How Can Fans Get More Green Flag Coverage?


Yesterday, FOX missed live coverage of a crucial point in the race while being under commercial. This only added to peoples’ frustration over the amount of commercial breaks during green flag coverage of Sprint Cup races recently.

With rain threatening and drivers making moves for the lead at Talladega, FOX went to commercial only to miss what could have been the winning move by Carl Edwards before the red flag flew for rain. Fortunately, NASCAR was able to dry the track and finish the race.

What if Edwards’ move had won the race? What would fans’ reactions have been?

Missing the winning move of the race is like missing the game-winning field goal in football or the game-winning 3-pointer in basketball. Fans never miss those moments in other sports. But there is one thing that NASCAR must compete with that other major sports do not, no stop in action.

Other major sports, like football or basketball, have natural stoppages in play. For example, timeouts, fouls or the end of a quarter. NASCAR does not have any thing like that. Yes, there are cautions but in the big scheme of things, some races more than others, cautions make up a small part of the race. So networks must use time during green flag coverage for commercial breaks. It has always been part of the sports.

The most similar example to NASCAR, soccer. Soccer has no commercial breaks during play because they play non-stop for 45 minutes straight in two halfs. All commercials are shown before the match, during halftime and after. This will most likely never happen in NASCAR, especially with an event that lasts over three hours.

So what are alternatives that networks could take to have more green flag coverage?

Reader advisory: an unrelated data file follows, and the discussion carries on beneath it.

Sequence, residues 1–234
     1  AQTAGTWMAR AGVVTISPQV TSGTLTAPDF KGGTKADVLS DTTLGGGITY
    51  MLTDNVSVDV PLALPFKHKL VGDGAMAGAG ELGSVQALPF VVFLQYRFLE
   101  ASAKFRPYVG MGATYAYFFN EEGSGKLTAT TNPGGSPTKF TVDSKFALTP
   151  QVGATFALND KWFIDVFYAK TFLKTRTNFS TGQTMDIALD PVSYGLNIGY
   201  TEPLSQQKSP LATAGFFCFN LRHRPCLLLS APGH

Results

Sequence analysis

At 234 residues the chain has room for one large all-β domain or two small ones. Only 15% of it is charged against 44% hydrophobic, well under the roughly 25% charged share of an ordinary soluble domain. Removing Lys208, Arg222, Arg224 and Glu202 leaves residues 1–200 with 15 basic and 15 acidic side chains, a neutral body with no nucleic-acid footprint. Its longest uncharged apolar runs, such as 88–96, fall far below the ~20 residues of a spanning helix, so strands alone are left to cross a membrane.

There is side-by-side coverage which has become more prominent in recent years, but sometimes some of the side-by-side actions comes during a caution when full commercials could be played. So an idea would be for networks to use their digression when using side-by-side coverage.

Here’s an example, this year FOX has used side-by-side coverage during the first 20-30 laps, even under caution, and the last 20-30 laps of the race. Instead, if the race is under caution during the first 30 laps, go to commercial and use side-by-side later on when action is intense.

Another alternative would be to play an abundant amount of commercials during pre-race, cautions, and post-race. I think that’s one alternative fans would come to terms with.

At the end of the day, fans want to see as much live/green flag coverage as possible and to be able to watch the race at the most crucial times. Having networks willing to be more flexible in their coverage and commercial breaks could go a long way. I am no expect in this area but I am willing to say there are alternative ways to bring more coverage going forward.

Fans ultimately show their displeasure in coverage by not tuning in and finding other media outlets to follow races. But the only way to see a live race, other than buying a ticket, is through TV. Commercials will always are a part of life in television, it’s up to the networks to get the most bang for their buck.

If you have more ideas on how to better run commercials/commercial breaks during NASCAR coverage continue the conversation on Twitter by tweeting @NASCARInformer or comment below!